Despite 2023 producing some of the fastest rate hikes in decades, market participants are now actively discussing rate “cuts” in 2024. While the Fed continues to signal that they intend to hold firm until inflation comes down even more, potential rate cuts remain a significant possibility. As such, investors looking at their portfolios may want to consider a few strategies that could benefit from rate cuts.
One firm specifically that offers a few intriguing options here is Fidelity Investments. The firm’s ETF suite includes both active and passive strategies, with multiple new ETFs this year alone. Rate cuts may benefit whole swathes of the equity market, of course. However, such rate cuts may prove even more beneficial to growth stocks, small and mid-caps, and clean energy.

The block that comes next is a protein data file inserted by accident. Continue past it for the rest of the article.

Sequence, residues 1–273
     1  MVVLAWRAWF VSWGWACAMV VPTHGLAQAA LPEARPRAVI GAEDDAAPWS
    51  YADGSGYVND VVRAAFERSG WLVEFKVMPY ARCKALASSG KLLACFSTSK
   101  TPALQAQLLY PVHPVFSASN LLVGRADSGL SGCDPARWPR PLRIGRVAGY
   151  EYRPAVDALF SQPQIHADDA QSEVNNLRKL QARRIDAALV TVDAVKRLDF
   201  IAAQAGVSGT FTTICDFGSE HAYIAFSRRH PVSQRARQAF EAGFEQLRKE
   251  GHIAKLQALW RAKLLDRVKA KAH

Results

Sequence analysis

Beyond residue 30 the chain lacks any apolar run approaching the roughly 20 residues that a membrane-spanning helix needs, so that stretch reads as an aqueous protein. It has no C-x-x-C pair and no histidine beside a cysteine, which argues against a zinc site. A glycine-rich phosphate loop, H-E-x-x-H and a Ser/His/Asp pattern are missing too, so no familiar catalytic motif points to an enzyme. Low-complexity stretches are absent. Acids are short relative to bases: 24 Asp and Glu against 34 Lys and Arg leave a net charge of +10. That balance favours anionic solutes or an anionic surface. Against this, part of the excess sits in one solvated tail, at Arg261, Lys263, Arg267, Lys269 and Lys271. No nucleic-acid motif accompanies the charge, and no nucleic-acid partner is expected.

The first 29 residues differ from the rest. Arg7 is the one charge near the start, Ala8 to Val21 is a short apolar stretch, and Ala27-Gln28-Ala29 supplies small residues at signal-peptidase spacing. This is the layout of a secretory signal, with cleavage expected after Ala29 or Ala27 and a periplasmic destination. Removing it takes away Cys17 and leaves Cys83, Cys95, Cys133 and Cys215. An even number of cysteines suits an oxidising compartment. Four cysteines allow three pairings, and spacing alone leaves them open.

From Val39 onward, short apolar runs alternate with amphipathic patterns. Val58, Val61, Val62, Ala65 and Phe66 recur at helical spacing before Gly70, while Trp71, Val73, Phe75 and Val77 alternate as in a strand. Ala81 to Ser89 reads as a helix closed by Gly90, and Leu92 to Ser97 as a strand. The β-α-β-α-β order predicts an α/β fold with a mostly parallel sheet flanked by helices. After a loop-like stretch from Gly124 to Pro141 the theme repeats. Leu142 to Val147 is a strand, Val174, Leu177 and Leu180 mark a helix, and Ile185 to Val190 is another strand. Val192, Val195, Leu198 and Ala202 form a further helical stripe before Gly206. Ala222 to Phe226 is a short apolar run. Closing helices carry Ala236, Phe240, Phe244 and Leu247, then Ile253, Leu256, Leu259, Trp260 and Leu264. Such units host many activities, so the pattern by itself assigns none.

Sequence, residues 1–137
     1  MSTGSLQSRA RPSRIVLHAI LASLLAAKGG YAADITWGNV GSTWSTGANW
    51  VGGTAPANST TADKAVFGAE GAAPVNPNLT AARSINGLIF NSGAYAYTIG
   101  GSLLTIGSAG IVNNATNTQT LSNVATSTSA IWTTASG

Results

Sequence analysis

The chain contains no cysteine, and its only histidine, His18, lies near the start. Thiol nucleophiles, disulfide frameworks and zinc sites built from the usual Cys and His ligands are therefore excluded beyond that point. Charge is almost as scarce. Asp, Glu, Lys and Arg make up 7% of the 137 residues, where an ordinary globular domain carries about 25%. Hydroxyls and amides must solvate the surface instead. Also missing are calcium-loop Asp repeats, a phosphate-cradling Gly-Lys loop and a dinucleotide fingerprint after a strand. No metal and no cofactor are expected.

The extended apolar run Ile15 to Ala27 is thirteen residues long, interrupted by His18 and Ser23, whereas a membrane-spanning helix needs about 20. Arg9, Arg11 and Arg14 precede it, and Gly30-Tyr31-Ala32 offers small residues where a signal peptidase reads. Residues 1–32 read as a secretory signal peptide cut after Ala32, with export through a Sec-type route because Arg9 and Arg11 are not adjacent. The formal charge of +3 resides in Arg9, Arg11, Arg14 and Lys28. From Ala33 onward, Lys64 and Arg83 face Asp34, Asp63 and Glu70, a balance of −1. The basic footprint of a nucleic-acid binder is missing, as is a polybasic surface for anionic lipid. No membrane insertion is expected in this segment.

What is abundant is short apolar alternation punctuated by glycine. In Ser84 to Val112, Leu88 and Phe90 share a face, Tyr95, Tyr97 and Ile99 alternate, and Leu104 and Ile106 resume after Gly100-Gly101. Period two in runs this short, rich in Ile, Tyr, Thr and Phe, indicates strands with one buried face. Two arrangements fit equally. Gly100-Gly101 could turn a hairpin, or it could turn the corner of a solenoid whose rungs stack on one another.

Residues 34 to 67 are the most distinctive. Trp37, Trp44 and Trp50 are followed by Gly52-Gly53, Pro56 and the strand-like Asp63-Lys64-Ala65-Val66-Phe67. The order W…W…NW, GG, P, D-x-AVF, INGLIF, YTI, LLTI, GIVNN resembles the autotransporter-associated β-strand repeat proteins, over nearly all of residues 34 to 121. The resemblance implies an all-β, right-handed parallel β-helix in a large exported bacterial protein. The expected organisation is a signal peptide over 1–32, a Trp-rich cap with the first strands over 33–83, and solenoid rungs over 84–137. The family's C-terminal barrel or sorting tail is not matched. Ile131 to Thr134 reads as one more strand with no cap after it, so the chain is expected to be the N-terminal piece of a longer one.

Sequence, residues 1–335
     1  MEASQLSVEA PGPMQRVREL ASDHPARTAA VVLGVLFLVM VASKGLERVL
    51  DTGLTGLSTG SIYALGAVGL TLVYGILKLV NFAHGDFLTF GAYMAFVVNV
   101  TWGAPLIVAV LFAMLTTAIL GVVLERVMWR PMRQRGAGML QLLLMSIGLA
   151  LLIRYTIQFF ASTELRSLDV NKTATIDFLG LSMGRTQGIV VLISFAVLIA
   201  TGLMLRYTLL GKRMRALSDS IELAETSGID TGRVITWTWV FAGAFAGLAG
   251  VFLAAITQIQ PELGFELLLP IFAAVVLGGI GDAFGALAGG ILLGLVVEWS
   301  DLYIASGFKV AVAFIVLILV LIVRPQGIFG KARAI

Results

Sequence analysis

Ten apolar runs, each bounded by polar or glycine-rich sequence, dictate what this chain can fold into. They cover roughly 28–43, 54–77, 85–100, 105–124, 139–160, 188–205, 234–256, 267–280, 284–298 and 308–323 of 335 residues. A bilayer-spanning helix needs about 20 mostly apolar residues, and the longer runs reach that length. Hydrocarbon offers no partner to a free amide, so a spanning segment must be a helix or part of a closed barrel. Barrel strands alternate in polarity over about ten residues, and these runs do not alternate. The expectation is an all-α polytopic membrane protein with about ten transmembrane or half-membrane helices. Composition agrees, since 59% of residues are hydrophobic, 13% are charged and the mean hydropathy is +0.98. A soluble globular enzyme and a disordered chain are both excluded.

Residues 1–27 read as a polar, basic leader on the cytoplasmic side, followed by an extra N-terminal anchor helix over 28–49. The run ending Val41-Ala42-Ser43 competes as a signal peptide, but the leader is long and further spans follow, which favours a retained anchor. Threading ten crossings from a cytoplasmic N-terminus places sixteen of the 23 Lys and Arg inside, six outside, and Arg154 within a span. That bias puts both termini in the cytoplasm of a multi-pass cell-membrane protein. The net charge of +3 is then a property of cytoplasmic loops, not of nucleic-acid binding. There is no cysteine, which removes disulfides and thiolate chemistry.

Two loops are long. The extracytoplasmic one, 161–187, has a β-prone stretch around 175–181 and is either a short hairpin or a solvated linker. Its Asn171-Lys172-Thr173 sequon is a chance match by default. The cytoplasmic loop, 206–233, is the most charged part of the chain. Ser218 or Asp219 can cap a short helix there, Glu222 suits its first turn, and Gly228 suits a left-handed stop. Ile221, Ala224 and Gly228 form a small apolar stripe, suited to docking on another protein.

FSMD and FRNW -- ETFs to Watch for Potential Rate Cuts?
Rate cuts could also be set to support a strategy like the Fidelity Small-Mid Multifactor ETF (FSMD ). FSMD tracks the Fidelity Small-Mid Multifactor Index. It looks for high quality firms across the small and mid cap spectrum that exhibit positive momentum and lower volatility at attractive valuations.
Small and mid-cap stocks could benefit particularly well from rate cuts. That’s due to the segment tending to be more cyclical and thus more sensitive to movements in rates, than large cap stocks. That could support FSMD even further, with the strategy performing pretty well over YTD, returning 15.5% for a 15 bp fee.
The Fidelity Clean Energy ETF (FRNW ) merits a look as well. The strategy will hit its three-year mark next Fall. FRNW tracks a market cap-weighted index of global clean energy firms.
Though renewables have had a tough time this year due largely to rate hikes stymying significant public investment in clean energy, rate cuts would, by that token, potentially be a big boost. FRNW has already seen its performance rise through November and December, possibly anticipating rate cuts.
This ETF duo presents a pair of options to play potential rate cuts next year or beyond. Should the Fed be satisfied with inflation cooling, even a “higher for longer” mentality could yet produce cuts.
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